Israeli Prime Minister Yair Lapid met on Tuesday evening with Turkish President Recep Tayyip Erdogan, the first time that leaders of the two countries have held face-to-face talks since 2008. As foreign minister, Lapid met with his Turkish counterpart, Mevlut Cavusoglu in June.
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Speaking at the UN on Tuesday, Erdogan addressed the Israeli-Palestinian conflict, urging a resolution through the two-state solution and an end to "the illegal settlements in the occupied territories."
"We are going to contribute our effort for that to be possible," Erdogan said, adding that Turkey also believes that diplomacy and dialogue is needed to "settle the disputes about Iran's nuclear program."
Lapid also met with UN Secretary General Antonio Guterres. According to report, the Israeli leader told Guterres that he expects a change in the anti-Israel sentiment prevalent at the United Nations.
Earlier on Tuesday evening, Lapid met with Jordan's King Abdullah, just hours after the widespread clashes between residents of Nablus and Palestinian Authority security forces the same day.
"The Prime Minister spoke with the King of Jordan about the need to calm the area, and to curb terrorism ahead of the events of the holidays," Lapid's spokesperson said against the backdrop of Israel's growing concern over the Palestinian Authority's loss of control over the West Bank.
The meeting comes as part of the prime minister's attempts to strengthen ties following surprise criticism by the Jordanian king last April over Israel's conduct on the Temple Mount, taking Israeli officials off guard. This is the second meeting between the two since July 2022, when they met in Amman.
Israeli sources told Haaretz that Lapid informed the king that the number of Jews visiting the Temple Mount is expected to peak during the approaching holidays, telling him that he expected the Jordanians to back them and prevent incitement.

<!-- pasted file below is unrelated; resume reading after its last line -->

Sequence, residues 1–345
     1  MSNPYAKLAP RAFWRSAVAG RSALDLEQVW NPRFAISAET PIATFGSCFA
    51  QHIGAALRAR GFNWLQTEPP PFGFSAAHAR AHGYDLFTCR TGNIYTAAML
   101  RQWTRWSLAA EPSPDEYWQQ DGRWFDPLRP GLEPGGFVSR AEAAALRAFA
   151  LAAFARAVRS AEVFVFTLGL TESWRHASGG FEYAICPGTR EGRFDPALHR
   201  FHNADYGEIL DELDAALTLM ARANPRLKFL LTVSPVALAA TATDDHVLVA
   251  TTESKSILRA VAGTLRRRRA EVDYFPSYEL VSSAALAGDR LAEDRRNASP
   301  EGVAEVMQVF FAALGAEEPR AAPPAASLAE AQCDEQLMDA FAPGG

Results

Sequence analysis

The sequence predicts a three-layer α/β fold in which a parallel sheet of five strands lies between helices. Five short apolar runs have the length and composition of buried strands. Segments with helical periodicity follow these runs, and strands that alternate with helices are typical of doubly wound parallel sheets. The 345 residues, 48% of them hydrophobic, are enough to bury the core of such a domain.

Abdullah met with Palestinian President Mahmoud Abbas earlier on Tuesday, and senior Palestinian officials emphasized the importance of their meeting with Abdullah before he met with Lapid, without elaborating.
In recent weeks, Israel has worked alongside several other regional powers to encourage Abbas to bring quiet to the West Bank. Israel has engaged Qatar in contacts, even though the two don't have official ties. The American envoy to the Middle East, Barbara Leaf, also held a series of meetings with Israeli security officials, including the head of the Mossad, the head of the National Security Agency as well as with senior Palestinian officials to try to prevent a deterioration in the situation in the West Bank.
In his speech to the UN, Lapid is also expected to mention the possible nuclear agreement between Iran and the powers. “The voice of the State of Israel will be heard on this platform, our right to security and our aspiration for peace, as well as Israel’s contribution to regional stability and international cooperation,” Lapid said before departing.
Warming ties with Ankara
The Foreign Ministry announced on Monday – in advance of the meeting with Erdogan – the appointment of Irit Lillian as the new ambassador to Ankara. Lapid and Erdogan agreed last month to return the ambassadors and consul generals to the two nations and the restoration of diplomatic relations. In 2018, Turkey ordered the Israeli ambassador in Ankara to leave the country, after the killing of Palestinian protestors by IDF soldiers along the border with the Gaza Strip.
Lillian, who is the charge d’affaires of Israel in the embassy in Turkey today, was a key figure in strengthening the ties between the two countries over the past few months. She was behind the negotiations for the release of the Oknin family, who were arrested in November after taking a photograph that included Erdogan’s palace in Istanbul – where photography is forbidden.
Lapid is also scheduled to meet on Tuesday with Greek Prime Minister Kyriakos Mitsotakis. On Wednesday, Lapid is expected to meet with the new prime minister of the United Kingdom, Liz Truss, for the first time in her new position. Truss – who is considered a friend of Israel – has warm relations with Lapid from the time that they both served as foreign ministers.
During his visit to New York, Lapid is also scheduled to participate in a festive dinner held by the Friends of the IDF in the United States, which raises donations for the welfare of IDF soldiers. Lapid will also meet with members of the Jewish community.
Lapid’s speech at the UN, close to the upcoming election in Israel, is intended mostly for Israeli ears. The possibility that Iran and the United States will soon return to the nuclear deal, in spite of all the disagreements between the two countries, is expected to be one of the major points in his speech. In recent years, Israeli prime ministers have used the forum at the General Assembly to reveal up-to-date details about Iran’s nuclear weapons efforts, and its attempts to conduct terrorist operations through the use of proxy organizations in the region.
Lapid is also expected to address at length relations between Israel and the Palestinians. Last year, then Prime Minister Naftali Bennett ignored the Palestinian issue in his speech to the General Assembly, and spoke mostly about the coronavirus pandemic and Iran. Iranian President Ebrahim Raisi is also scheduled to speak at the UN.